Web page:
Andy Falco and I sat down last weekend with Jamie from American Songwriter to talk bluegrass, Festy, Doc, ‘Dusters and more.
Andy Falco and I sat down last weekend with Jamie from American Songwriter to talk bluegrass, Festy, Doc, ‘Dusters and more.
We had a show last Sunday night during the Grammys, but it was impossible to avoid all the commotion on-line. The big categories featured a lot of talent/quality, clear evidence that the voters still know what’s good without thinking too hard. Artists like Adele, The Black Keys, Radiohead, Mumford & Sons and Foo Fighters are good whether you like them or not–real artists that push their art forward over time, honing a real craft and delivering it live with authority. It seems impossible to miss the authenticity. But much of the buzz centered around some of the night’s more curious nominees/performers. Of course, the Grammys are totally subjective (and a total sham, depending who you ask) and thus totally insignificant in some way (it’s all just music after all). But they’re also not, and as a creative mind and a fan I can’t help wonder what this great spectacle means about the future of popular music.
2011 was a crazy and amazing year for the Infamous Stringdusters. But it’s over, and the door to 2012 is flying open right in front of our eyes. Incredible things are happening. Here’s a bit about what’s up next, and why.
We are a five piece band now. It has been unexpectedly liberating. Changes of any sort bring fresh ideas and perspectives. New music and new sounds are finding their way in faster than ever, as we devote more time to learning/rehearsing, both on and off the road. And our show has an amazing revived energy, more inventive all the time. We’ve found that less guys does not mean fewer decibels or energy, but it does mean more space and more options. Working on new material with my bandmates is such a highlight, and we have more incentive than ever before to create, record and perform our music.
Thanks to Joe Kendrick for having me on WNCW to talk about Bluegrass, the Stringdusters, etc. The program, What It Is Radio, just went up on-line. Check out the stream here. Joe has other noteworthy endeavors that you should check out, including Lingua Musica Live, a cool series of video conversations with musicians including the amazing Danny Barnes, our boys Toubab Krewe, Billy Cardine and many more. Erin Scholze conducts a bunch of the interviews. Really good stuff.
I was the guest on Lightning 100′s Music Business Radio program a few weeks back, and the edited show just went up. It was a real treat to visit David Hooper and co. after having heard them a handful times during my Nashville tenure. We cover everything from bluegrass/IBMA to the inner workings of the Stringdusters business. Below is a scanned page of notes from the show that they put up on thier blog. Check out the recording here.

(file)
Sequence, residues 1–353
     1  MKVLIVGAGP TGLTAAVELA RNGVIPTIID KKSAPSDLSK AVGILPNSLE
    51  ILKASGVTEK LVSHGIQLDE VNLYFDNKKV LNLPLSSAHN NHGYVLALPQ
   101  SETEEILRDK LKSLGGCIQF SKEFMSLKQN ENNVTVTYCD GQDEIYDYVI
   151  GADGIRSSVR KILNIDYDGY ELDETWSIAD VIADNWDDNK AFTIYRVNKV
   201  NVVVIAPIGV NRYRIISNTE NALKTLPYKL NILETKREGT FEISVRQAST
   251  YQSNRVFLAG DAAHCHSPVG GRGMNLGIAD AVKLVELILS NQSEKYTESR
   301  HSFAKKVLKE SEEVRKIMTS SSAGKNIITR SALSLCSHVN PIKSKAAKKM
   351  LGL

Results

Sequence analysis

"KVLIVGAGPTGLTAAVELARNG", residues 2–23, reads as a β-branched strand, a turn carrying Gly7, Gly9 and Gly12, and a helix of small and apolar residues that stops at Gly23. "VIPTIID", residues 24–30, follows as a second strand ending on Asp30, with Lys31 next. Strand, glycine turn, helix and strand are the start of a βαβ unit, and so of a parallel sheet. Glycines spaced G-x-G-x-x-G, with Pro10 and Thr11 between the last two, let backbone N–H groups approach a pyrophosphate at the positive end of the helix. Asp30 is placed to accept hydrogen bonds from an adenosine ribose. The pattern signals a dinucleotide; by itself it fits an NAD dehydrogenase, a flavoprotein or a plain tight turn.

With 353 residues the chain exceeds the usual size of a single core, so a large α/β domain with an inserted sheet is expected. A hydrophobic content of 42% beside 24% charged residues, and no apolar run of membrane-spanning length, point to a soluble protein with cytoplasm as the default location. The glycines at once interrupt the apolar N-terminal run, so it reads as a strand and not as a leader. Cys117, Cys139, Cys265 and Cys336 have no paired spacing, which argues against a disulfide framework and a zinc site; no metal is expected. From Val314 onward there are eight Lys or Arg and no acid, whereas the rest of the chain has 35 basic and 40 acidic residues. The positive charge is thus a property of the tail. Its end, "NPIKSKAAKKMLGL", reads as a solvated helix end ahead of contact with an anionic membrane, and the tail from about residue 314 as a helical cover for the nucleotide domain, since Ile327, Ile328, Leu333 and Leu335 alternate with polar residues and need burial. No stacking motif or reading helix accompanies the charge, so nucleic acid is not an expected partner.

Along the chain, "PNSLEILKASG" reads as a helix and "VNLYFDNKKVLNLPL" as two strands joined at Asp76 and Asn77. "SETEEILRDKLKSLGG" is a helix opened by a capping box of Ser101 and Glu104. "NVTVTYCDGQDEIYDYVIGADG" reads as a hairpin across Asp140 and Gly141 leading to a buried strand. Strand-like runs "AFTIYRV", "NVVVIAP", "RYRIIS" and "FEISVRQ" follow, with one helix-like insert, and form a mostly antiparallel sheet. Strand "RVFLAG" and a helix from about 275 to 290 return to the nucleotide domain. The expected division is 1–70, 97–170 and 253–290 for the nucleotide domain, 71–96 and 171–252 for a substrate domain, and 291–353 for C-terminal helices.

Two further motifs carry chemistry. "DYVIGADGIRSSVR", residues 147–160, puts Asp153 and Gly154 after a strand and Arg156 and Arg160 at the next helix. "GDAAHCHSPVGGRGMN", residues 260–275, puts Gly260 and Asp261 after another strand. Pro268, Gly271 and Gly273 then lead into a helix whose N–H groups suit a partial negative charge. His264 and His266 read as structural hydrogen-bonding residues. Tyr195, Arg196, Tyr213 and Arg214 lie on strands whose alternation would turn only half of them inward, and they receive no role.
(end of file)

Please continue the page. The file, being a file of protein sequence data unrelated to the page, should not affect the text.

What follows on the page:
I’d love to take a few days off after the IBMA madness but it’s not looking good. The Stringdusters are gearing up for the second annual Festy Experience this weekend. Our amazing team is putting the finishing touches on this magical event. Check out the American Songwriter preview. Next week we leave for 6 weeks of epic shows all over the country–2 weeks with Toubab Krewe, 2 weeks with Yonder and 2 weeks with the Emmitt-Nershi Band, in support of our brand new live album, WE’LL DO IT LIVE. We’re living the dream!
What’s next for the ‘bluegrass’ people of the world?
Definitely good things. I had an amazing time preparing for the speech I gave last week in Nashville. It put me in touch with so many different people, and so many different perspectives–a great way to learn new things about the world. Just about everyone I reached out to was more than generous with their time and ideas. Thank you all very much. Many people care deeply about this music, which leads me to believe that good things must be ahead. If you want to check it out, the speech lives here, but the general idea goes like this:
Why would someone who loves traditional music fear for its survival?
If you love a form of music, doesn’t that imply that you believe in it?
It’s ironic that someone might think traditional music is superior, but that it’s also in danger, and in need of preservation. To me, traditional bluegrass is undeniable–some of the most soulful and pure music ever. What Monroe and Scruggs did will never go away. Its influence on other styles is far reaching at this point, and its evolution is vibrant. THAT IS AMAZING, and something to be very proud of. It will live on in all its forms only because it’s good, not because we helped it out. Nobody (and no organization) can ‘change’ bluegrass, limit its growth or define its bounds–this is a lost cause, especially given that it’s a pure opinion issue.